Tuesday, June 16, 2009

Elderly Faring Better Than Expected With New Flu

Any new disease is cause for concern, especially when it’s potentially fatal. But the AH1N1 swine flu has confounded expectations by proving unusually benign for the elderly.

Of 538 confirmed cases of AH1N1 in New York City, only six have occurred among people ages 65 and over. “Normally flu would go right through long-term care facilities,” said Dr. Stephen Morse, professor of clinical epidemiology at Columbia University. “In a normal year, the elderly would have a much greater risk.”

This is no normal year. Preliminary evidence suggests that many older people may have residual immunity to the new flu virus because they were exposed to similar H1N1 viruses that circulated decades ago, before 1957. If so, that’s great news for both the elderly and their caregivers.

Still, Mayor Michael Bloomberg has consistently emphasized that all of the city’s AH1N1 flu fatalities have involved “underlying conditions” that exacerbated each victim’s risk. The list of conditions is long enough to worry almost any elderly person and includes heart disease, lung disease, diabetes and a weakened immune system. Even obesity is now being discussed as a condition that can lead to complications for this flu.

“The whole purpose of such a list is to help people predict [who needs special treatment],” said Dr. Morse. “This list is so long, all it tells you is that if you have the flu and you’re in anything other than perfect health, you should watch carefully.”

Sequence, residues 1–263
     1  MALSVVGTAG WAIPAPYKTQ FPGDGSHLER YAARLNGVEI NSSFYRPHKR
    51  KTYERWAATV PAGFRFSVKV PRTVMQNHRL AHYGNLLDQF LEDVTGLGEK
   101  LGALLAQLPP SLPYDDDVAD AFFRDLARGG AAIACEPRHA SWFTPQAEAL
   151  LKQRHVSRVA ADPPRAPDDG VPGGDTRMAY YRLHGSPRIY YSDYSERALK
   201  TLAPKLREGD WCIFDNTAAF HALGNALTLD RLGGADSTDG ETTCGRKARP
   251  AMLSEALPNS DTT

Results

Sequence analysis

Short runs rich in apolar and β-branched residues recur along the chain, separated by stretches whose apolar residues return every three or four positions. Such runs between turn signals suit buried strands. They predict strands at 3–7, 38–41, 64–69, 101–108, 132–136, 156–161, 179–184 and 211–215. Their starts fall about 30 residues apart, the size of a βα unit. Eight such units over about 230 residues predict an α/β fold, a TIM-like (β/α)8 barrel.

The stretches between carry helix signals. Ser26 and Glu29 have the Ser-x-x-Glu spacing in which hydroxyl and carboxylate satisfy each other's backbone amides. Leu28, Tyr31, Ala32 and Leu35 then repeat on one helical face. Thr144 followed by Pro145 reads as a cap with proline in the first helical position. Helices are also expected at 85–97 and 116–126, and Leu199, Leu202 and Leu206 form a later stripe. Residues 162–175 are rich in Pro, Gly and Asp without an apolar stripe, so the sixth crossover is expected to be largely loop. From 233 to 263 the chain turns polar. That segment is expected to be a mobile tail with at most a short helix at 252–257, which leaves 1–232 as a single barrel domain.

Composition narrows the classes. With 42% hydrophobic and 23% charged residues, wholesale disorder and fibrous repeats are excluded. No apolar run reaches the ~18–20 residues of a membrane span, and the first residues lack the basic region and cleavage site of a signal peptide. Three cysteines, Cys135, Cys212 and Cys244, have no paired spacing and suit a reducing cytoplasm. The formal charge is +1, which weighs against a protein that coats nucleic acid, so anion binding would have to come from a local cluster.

Translation for caregivers: Though the elderly have largely been spared, keep an eye out for flu symptoms and act quickly if any emerge.

New York City’s Department of Health and Mental Hygiene has put together an extensive fact sheet on AH1N1 (PDF). Among other information, it lists guidelines for treating those at higher risk for complications, including anyone 65 or older.

In the case of “influenza-like illness (PDF)” (meaning a fever of at least 100.4 degrees Fahrenheit, accompanied by a cough or sore throat), call the doctor right away. Antiviral medicine can turn a potentially serious illness into a mild one — especially if you start treatment within the first 36 to 48 hours. The doctor can phone in a prescription for Tamiflu if the patient meets the criteria.

If flu-like illness is accompanied by severe symptoms — for example, difficulty breathing, chest pain or dizziness — forget about risk factors and head for the hospital. (Absent serious symptoms, don’t bother. Going to the hospital won’t bring better care. It will just burden already overwhelmed emergency rooms.)

But so far, fortunately, there has been little reason for caregivers to call either the doctor or the E.R.

That could change if the virus grows more virulent as it moves through the Southern hemisphere in the coming months, as many scientists fear. “We’re back to watching and waiting,” said Dr. Morse. But for now, breathe a sigh of relief. Things could be much worse.

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